I’ve lost count of how many times I’ve been asked “Aren’t you afraid of sharks while diving?” or “Won’t sharks bite you while diving?”

Photo credit: malik ml williams via Foter.com / CC BY-NC-SA

I’m gonna write this in response and I guess I’ll just refer the people asking me these questions to this post. In a way, it’s gonna boost post views too eh?

Firstly, I would think that it is really difficult to see a shark while diving. Sharks tend to be shy and avoid divers. Of course, the truth to this statement varies and may not apply to certain places in the world where sharks are commonly seen while diving. But there are times that I have not seen sharks at dive sites where they’re commonly seen.

One of these instances happened at Monad Shoal, Malapascua. This dive site is famous worldwide for it’s frequent sightings of Thresher Sharks. I’ve dived here many times and have never been disappointed. That day was also my girlfriend’s first leisure dive after completing her Open Water and Advanced Open Water certifications.

Understandably, she was anxious and worried, and the conditions that day were not helping either. The skies were gloomy with rain and the sea was choppy and cold. I assured her that everything would be fine, but deep inside, all I was hoping for was that some sharks would show up!

Unfortunately, there was no thresher shark sighted on that day, and that poor girl had the worst start to her diving adventures. However, the following days would yield better results, and she has now grown to love diving and appreciate marine life.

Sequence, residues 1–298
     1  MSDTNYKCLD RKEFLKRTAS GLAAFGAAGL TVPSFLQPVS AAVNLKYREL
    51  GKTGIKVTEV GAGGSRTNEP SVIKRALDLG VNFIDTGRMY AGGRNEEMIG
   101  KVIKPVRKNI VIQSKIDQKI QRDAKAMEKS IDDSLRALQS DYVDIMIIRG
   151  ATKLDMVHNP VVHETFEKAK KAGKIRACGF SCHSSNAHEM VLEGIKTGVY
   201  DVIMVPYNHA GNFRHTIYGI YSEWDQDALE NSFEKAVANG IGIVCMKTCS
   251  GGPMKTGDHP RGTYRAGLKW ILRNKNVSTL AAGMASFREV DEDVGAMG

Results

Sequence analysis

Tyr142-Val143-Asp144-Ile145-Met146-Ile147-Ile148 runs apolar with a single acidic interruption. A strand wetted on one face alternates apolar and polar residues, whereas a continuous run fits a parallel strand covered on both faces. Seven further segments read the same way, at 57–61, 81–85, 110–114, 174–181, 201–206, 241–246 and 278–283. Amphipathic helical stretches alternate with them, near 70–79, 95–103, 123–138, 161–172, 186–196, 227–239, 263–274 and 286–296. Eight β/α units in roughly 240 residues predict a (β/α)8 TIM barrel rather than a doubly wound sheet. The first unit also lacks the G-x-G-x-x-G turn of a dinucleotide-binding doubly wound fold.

My favorite answer to questions with regards to “man-eating shark” has always been this; if this shark is a man eating shark, then does it mean that the entire species will starve to death if there is nobody swimming in the seas?

With all these technological advancements, we have yet to fully explore the world beneath the waves, and new species are discovered almost every day, including sharks. Just recently, I saw this footage of a ghost shark or chimaera that was released by the Monterey Bay Aquarium Research Center. The footage was captured back in 2009, but this was the first time the ghost shark has been caught on film.

Sharks have been in the waters for millions of years, escaped mass extinctions, but yet, faces the greatest threat today, humans. Millions of sharks are  killed each year, and the misconception about sharks is not helping this either.It is about time we took the time to understand these magnificent creatures of the deep, and protect them from extinction.

The good news is that there are a number of sharks and rays protected in CITES Appendix II. This includes great white sharks, oceanic whitetip sharks, and new additions to the list, silky sharks and thresher sharks.


Hopefully, this will lower the number of losses faced by sharks and rays worldwide.

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